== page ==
Such events would be considered global catastrophic risks (GCRs) under most definitions of GCRs. Given this (and for simplicity) , I'll refer to them as global catastrophes.

Bostrom presents the VWH as just that - a hypothesis - and states explicitly that he thinks its truth is still an open question. For my purposes it's helpful to restate the VWH as an argument with three premises, remembering that Bostrom would not commit to it:

P1: The information necessary to cause an event which is itself a global catastrophe, or likely to lead to a global catastrophe, is sufficiently available

P2: The means to cause an event which is itself a global catastrophe, or likely to lead to a global catastrophe, is sufficiently available[1]

P3: There is a non-zero number of actors who want to cause such events

Drawing conclusions from the VWH

To get from the VWH to a claim about ubiquitous real-time worldwide surveillance, we'll need to add another premise.

P4: Ubiquitous real-time worldwide surveillance is the best way to decrease the risk of global catastrophes[2]

Which allows us to conclude that:

C1: We should consider implementing ubiquitous real-time worldwide surveillance.

These are deliberately pretty vague premises! Before considering the costs and benefits of surveillance, I think it's worth clarifying some of them.

The technological development assumption

Underpinning P1 and P2 is an assumption of continuing technological development, which is not uncontroversial. Unless we're very confident that failing to reach technological maturity would be an existential catastrophe, we should consider whether alternatives to unrestricted technological development (including differential technological development) are feasible.[3]

Thinking about P3

P3: There is a non-zero number of actors who want to cause such events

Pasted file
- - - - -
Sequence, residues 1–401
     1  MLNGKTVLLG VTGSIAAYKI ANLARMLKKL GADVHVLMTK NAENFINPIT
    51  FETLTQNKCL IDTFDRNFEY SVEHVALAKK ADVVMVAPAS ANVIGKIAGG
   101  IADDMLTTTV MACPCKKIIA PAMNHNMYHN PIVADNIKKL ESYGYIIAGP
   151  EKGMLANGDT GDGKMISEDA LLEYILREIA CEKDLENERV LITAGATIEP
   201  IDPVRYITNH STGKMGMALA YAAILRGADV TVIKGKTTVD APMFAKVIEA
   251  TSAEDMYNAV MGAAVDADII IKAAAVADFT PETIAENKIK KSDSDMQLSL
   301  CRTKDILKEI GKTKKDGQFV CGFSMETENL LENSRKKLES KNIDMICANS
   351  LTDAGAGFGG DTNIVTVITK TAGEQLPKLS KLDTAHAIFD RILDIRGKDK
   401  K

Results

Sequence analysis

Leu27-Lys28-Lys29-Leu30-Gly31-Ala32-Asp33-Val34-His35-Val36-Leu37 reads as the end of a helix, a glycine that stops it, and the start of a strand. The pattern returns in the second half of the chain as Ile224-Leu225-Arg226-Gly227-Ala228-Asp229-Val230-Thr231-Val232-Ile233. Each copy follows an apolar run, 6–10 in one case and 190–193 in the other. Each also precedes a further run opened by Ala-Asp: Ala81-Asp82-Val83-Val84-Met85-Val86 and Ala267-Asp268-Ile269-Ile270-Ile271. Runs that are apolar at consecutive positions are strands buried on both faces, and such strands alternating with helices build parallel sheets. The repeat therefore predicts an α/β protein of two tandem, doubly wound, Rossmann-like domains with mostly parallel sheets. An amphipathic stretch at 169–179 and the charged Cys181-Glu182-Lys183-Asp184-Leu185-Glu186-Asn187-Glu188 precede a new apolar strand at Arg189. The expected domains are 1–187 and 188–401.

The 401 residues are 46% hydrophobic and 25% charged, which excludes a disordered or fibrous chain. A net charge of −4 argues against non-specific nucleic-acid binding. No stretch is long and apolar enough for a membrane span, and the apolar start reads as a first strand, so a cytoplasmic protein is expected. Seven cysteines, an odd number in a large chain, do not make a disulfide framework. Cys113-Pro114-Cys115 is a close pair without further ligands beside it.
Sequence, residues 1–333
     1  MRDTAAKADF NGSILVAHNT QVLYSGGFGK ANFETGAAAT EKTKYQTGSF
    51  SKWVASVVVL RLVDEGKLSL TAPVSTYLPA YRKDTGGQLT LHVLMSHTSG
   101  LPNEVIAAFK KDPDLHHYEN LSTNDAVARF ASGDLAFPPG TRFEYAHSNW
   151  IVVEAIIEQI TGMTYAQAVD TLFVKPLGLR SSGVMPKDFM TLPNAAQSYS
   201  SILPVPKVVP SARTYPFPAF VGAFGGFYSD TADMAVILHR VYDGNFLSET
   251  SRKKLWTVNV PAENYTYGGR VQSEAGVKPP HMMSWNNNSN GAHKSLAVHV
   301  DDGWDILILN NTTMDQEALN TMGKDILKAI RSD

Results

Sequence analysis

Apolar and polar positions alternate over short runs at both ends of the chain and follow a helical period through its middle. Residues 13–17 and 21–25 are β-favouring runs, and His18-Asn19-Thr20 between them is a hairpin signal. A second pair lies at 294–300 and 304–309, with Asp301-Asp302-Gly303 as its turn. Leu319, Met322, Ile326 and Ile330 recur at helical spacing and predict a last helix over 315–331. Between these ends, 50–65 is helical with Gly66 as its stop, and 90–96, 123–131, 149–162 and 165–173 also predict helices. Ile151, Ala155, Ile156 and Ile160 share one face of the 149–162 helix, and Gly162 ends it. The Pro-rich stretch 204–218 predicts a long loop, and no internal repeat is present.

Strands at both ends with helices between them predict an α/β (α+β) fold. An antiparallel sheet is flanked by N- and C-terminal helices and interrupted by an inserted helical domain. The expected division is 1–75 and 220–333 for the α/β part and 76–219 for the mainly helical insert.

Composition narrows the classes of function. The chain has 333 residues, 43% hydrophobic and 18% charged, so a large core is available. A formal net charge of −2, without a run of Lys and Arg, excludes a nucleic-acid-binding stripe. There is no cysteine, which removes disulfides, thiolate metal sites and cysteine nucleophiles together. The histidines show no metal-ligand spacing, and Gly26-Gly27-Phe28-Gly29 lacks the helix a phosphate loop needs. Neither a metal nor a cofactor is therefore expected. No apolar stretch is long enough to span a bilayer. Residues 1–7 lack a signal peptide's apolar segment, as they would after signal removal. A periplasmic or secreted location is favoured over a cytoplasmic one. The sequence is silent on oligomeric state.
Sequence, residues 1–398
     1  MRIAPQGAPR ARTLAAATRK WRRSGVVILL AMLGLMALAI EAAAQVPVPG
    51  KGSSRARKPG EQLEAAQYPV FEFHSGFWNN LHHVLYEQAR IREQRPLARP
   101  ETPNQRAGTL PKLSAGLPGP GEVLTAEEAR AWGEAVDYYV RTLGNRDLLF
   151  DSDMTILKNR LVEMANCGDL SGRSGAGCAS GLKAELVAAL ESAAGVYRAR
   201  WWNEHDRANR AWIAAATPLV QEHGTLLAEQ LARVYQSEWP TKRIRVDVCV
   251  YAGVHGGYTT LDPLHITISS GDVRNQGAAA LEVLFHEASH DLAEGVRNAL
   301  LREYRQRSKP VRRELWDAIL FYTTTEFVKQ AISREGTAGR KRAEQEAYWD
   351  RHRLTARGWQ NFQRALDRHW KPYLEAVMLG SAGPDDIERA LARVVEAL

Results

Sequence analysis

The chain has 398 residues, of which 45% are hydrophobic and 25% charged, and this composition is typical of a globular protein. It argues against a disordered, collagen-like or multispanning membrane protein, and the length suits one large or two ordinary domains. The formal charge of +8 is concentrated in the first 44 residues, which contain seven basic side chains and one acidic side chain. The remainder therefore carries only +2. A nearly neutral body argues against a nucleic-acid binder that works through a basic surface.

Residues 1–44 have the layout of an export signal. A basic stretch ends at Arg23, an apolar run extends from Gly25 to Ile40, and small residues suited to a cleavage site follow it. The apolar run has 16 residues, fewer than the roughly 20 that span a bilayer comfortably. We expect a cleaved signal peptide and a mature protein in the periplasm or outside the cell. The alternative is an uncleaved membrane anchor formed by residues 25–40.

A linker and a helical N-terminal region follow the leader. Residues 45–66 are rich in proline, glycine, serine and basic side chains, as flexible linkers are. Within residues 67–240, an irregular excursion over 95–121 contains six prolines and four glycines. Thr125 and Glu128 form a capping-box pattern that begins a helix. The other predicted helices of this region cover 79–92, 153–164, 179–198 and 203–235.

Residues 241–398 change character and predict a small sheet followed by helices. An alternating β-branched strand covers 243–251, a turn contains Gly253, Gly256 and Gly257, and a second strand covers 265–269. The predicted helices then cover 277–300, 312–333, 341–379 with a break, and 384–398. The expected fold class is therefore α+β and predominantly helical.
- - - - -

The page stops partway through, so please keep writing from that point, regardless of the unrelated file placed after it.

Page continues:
Who are the bad guys?

It's unclear to me what the reference class for these malicious actors should be. Different actors will have different motivations for causing these events, which in turn suggests different risk levels and different possible responses. Conflating all malicious actors into one category loses nuance.

Suppose we mean groups willing to cause highly destructive events to achieve a particular goal (e.g. terrorists). It's no longer the case that surveillance is the only possible intervention. If these events are a means to these actors' desired ends, then we can (for example) negotiate with them and compromise to partially satisfy their ends, rather than implement surveillance to cut off their ability to do such acts entirely.

I'm not saying we should pursue other interventions - surveillance might still be best! But I think it's important to note that we do have alternatives, and they should be considered before we accept surveillance.

Now suppose instead that we mean actors who want to commit these acts as an end in themselves. (I'm imagining classic world-ending cults.) We can't negotiate with these people: here, our only intervention is to prevent them from having the opportunity to do really bad things. But this group is a lot smaller than the previous group, and so all else being equal, we should expect them to be less well-connected/competent and thus less dangerous.

This doesn't mean that we should ignore the risk from world-ending cults, but it does suggest this risk is a lot smaller. This should give us reason to pause and re-evaluate the case for global surveillance to mitigate this risk.

We care about a subset of these groups